Re: bipedalism and AAH
6 May 1995 20:34:40 GMT
In article <email@example.com>, firstname.lastname@example.org (HARRY R.
> I just went through the paper in Ancestors about the elbow and knee
> adaptations of hominids. Bipedalism apparently requires at least a
> moderately rigid knee and can tolerate a lax elbow. Afarensis apparently
> had the rigid knee, plus enough rigidity in the elbow to prevent
> dislocation when climbing. Pan has rigid elbows and lax knees. Has anyone
> studied joint rigidity in semiaquatic animals? Does that provide insight
> into the 'aquatic ape'?
Well, you first need to define "semiaquatic"; which no one seems willing
(or able) to do. Truly "aquatic" mammals have greatly reduced or
nonexistent hindlimbs. But even if you do check knee rigidity in
semiaquatic animals (whatever they are) vs humans, you will probably not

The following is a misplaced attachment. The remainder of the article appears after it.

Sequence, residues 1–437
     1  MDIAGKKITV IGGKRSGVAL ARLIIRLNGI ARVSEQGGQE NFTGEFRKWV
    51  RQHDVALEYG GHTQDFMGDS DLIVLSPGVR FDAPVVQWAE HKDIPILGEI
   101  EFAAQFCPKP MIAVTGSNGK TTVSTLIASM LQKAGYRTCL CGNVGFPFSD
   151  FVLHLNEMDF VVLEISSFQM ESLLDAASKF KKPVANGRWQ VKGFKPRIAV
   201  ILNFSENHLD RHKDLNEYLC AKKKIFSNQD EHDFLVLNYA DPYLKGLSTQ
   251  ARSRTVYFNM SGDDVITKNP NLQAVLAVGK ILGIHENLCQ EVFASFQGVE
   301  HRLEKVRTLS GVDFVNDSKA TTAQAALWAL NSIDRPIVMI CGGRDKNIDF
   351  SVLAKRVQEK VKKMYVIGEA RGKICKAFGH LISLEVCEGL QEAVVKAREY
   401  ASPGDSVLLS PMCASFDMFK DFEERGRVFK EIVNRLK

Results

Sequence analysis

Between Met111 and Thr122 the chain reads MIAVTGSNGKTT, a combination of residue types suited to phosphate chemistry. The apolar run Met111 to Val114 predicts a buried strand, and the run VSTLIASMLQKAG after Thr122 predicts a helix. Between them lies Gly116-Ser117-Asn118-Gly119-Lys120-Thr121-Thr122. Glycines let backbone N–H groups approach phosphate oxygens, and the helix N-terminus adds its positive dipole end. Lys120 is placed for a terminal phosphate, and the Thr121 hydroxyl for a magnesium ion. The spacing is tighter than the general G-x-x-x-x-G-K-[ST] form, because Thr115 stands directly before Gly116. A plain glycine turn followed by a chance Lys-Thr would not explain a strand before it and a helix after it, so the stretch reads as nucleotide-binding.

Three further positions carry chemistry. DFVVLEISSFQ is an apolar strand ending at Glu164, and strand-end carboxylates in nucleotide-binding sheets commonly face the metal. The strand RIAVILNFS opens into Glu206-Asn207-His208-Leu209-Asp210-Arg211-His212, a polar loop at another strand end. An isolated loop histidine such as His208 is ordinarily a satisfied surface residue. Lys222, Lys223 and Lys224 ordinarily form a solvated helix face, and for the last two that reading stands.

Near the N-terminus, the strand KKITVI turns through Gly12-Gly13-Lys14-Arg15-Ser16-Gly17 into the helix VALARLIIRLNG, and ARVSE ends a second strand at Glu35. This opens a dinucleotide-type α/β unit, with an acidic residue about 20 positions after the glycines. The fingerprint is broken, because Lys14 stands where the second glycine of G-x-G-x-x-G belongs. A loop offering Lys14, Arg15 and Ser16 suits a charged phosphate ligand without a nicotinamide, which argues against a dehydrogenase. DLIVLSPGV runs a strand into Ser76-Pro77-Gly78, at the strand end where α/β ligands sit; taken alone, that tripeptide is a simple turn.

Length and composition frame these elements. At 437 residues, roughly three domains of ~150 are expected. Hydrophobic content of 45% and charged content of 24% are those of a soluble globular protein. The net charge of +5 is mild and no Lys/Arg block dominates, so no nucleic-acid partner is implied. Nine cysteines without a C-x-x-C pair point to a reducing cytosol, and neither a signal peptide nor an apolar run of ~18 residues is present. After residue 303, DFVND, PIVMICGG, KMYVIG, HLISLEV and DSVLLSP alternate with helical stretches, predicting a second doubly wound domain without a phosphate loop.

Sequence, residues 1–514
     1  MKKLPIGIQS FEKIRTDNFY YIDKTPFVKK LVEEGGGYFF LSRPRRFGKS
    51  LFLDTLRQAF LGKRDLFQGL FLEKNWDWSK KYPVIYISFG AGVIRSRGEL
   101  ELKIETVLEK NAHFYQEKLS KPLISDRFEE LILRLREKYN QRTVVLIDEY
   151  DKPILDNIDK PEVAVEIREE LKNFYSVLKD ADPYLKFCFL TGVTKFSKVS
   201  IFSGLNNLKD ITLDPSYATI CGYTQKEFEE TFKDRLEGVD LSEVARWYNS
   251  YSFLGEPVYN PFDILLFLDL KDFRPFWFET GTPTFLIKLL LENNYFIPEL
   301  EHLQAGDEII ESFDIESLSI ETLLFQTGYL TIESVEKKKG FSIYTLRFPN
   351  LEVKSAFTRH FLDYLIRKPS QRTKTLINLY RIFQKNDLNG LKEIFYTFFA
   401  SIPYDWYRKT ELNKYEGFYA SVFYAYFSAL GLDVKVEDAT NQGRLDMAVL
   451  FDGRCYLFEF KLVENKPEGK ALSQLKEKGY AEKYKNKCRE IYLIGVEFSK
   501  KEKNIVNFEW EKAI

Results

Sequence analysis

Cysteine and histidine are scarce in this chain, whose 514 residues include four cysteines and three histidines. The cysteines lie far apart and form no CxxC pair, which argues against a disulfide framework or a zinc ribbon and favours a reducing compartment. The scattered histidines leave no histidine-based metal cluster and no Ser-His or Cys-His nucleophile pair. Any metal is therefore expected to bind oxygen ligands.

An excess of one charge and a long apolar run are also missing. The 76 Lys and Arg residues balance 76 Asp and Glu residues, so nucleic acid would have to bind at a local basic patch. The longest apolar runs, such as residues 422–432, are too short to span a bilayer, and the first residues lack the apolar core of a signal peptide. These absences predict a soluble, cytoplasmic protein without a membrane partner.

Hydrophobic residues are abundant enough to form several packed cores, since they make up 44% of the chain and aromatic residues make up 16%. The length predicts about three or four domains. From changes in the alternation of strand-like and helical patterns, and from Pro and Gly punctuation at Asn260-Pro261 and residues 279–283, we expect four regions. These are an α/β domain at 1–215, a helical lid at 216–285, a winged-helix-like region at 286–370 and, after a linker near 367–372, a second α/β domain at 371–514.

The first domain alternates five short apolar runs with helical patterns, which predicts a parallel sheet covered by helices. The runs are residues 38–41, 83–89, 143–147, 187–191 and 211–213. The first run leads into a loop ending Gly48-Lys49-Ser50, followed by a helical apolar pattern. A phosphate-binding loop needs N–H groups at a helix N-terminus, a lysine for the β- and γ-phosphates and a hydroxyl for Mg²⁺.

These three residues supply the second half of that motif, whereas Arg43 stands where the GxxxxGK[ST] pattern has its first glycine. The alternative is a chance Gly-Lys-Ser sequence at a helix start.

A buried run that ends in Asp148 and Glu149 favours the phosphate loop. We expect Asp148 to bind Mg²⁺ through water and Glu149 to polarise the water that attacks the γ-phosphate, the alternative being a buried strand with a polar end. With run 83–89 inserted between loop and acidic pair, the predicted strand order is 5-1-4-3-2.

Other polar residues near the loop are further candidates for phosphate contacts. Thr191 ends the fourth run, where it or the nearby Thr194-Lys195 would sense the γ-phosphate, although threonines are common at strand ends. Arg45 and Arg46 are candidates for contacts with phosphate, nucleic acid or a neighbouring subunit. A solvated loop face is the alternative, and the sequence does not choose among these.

find any useful information. Joint rigidity is easy to achieve and has
happened countless times in the vertebrate lineage. It can't be used as a
diagnostic tool to determine past behavior, especially when present
behavior _necessitates_ that a particular joint be rigid. Rigid knees fit
in just fine with the savannah-ape or forest-ape scenario, and so cannot
support the aquatic ape hypothesis.
Lucie Melahn "You may achieve inner tranquility, but you
Cornell University can't escape surface tension." -V.Louise Roth